What year did you graduate?


What were your main interests in high school?

All I did was listen to music, play music, do stuff with music. I was interested in Economics senior year when I took the class, but mostly through high school I was in bands, I was in band, I played drums and I was learning to play all the instruments I play today. I was going to shows, I was setting up shows and I was playing shows. If there was music in the area, I was trying to be part of it.

Did you miss a lot of school for shows?

No, I had perfect attendance in high school.

Really, the whole time?

The only time I missed school was if I was out of town for band, which was school business. I would go to school with a black eye and ringing in my ears from a Misfits show the night before, because that’s what you do. You go to school.

How did you find your love for music?

At a very young age. My father will tell the story that before I was able to walk, he could tell that I was going to be a drummer. I tend to believe him, because every picture that’s taken of me is me beating on something with something else. Just playing drums with whatever I could find. I formally started learning, I guess, with a recorder. There was something about music that came easy to me. By fifth grade, I started playing the violin, which came very easy to me. I just started adding more and more instruments. It’s the one thing in life that came very easily to me. It’s the one thing that made sense to me.

Did you have any girlfriends?

I mean, I dated a little bit, but for the most part, no… I had one serious girlfriend my freshman year, and I realized really quickly that I had no idea who I was, and I’d rather spend my time finding myself. I mean, I went out with girls, but never anything serious.

Were you popular in high school?

I was by no means of the prep class or the social elite. I was also not an outcast at all. I was very in the middle. I was the kid who hung out with the dirt rockers and took classes with the kids that wore the popular stuff. I was the kid where while everyone else was wearing popular clothes at the time, I was the kid talking to them with a Misfits shirt. I was just this cat that went between many cliques. I was weird. I was in this weird category where everyone knew my face; I talked to everyone, because I was a very social person.

Who would you consider your role model in high school?

Somewhere between my brother and my dad. My dad was the assistant principal of the school that I went to, and I was able to learn how he became the dude that he is today. He’s one of the coolest people I’ve met. He’s ridiculously grounded for what generation he came from. I’m familiar with what that generation is capable of, but to see how well-rounded he was was really neat for me. It was cool to see how fairly positive he was about everything. He’s who I learned how to be humble from, and to take failure in stride. He was one of the people that taught me how to succeed in failure. My brother was a role model, because he was older and he got good grades, he was smart, he was on the football team, he loved school, he was popular.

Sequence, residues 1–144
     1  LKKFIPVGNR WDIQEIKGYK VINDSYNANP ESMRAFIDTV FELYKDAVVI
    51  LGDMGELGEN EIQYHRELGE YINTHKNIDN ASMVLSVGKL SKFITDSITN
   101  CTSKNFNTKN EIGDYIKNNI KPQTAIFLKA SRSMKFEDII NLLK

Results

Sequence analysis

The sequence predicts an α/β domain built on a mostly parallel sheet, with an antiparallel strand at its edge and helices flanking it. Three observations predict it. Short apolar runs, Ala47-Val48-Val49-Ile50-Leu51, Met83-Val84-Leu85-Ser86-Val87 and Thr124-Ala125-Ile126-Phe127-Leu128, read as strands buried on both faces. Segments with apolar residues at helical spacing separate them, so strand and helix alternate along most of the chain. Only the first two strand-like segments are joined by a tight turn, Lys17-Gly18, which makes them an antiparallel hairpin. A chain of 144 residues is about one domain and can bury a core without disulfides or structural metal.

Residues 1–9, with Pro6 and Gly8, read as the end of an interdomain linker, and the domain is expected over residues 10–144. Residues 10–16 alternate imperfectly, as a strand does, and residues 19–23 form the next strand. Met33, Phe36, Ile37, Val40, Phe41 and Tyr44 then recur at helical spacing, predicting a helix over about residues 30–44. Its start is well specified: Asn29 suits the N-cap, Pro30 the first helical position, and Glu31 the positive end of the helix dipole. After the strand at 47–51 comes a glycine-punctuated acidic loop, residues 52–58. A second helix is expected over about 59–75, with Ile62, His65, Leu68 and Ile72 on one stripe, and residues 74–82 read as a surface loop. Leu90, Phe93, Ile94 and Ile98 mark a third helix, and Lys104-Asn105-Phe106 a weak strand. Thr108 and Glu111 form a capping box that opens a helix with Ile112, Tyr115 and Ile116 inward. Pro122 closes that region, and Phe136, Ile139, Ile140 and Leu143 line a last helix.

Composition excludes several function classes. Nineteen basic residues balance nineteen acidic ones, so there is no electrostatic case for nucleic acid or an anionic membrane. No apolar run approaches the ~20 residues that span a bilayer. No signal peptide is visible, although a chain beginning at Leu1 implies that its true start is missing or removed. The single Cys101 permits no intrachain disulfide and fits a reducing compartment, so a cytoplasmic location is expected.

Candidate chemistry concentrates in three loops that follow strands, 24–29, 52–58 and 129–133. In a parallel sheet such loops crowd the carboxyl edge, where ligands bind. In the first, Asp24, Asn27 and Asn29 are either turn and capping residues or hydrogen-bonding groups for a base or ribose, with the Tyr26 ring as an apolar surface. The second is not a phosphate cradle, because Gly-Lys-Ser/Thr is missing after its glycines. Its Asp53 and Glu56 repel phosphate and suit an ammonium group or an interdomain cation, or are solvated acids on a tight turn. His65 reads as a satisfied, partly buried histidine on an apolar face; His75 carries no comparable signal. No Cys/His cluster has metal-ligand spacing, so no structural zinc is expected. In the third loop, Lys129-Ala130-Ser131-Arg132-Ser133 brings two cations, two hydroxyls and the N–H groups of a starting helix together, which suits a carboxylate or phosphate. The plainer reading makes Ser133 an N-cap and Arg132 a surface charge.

How was that having your dad as the assistant principal of your school?

Weird. I got away with a lot of things that students would not normally get away with, but I was not able to get away with a lot of other things. I could not skip school. That was not happening. All my teachers knew me since I was a zygote, or maybe 3-feet-tall. Everyone knew what was going on with me at all times, and nothing got passed me. There was also the fact that I knew my schedule was going to be perfect every single year, so it was kind of a give and take. I took it in stride like I do most things.

Did any teacher other than your dad have a big impact on you?

Yeah, a few. Dr. Bryant, who was my junior English teacher, as well as freshman composition for dual enrollment English. She was so understanding about the whole student process. She never got upset with us. I mean, she got disappointed in us, when teachers should be, but she never lost her cool with us, she was as understanding as possible, and everyone I know that went through her class had a positive experience. We all still talk to her on Facebook, that’s how awesome she is. Mr. Ponder was my band director, and he was the first music teacher to really reach me. He understood who I was as a musician, and he was able to teach me. I still remember him to this day.

What parallels do you see now between your social life and high school and today?

Oh, gosh. You guys are just as cunning as we were. That’s one of the things I was wondering about, because I remember the level of cunning we had as seniors specifically, because we started to figure things out. (The students) are pretty smart. I didn’t know if (they) were going to be light-years ahead, light-years behind or right on. But it’s right on track. (They) seem more politically connected, but I think that’s a society thing. You guys are far healthier than we were. You’re very conscious of your health. I don’t think I have any smokers, and I had 30 or 40 smokers in my class of 300.

Favorites (Then and Now)


Then: The Beatles, Allman Brothers, The Who, Godsmack, Misfits, Greenday, NOFX, Bad Religion, Poison the Well
Now: All that, but add Coheed and Cambria and Whole Wheat Bread


Then: Bob Dylan, Flea
Now: Travis Stever, Alvin Lee


Then: American Beauty, Blow, anything with Jack Black
Now: Anything on Netflix

Brandon Mauriello / News Editor 

Leave a Reply

Your email address will not be published.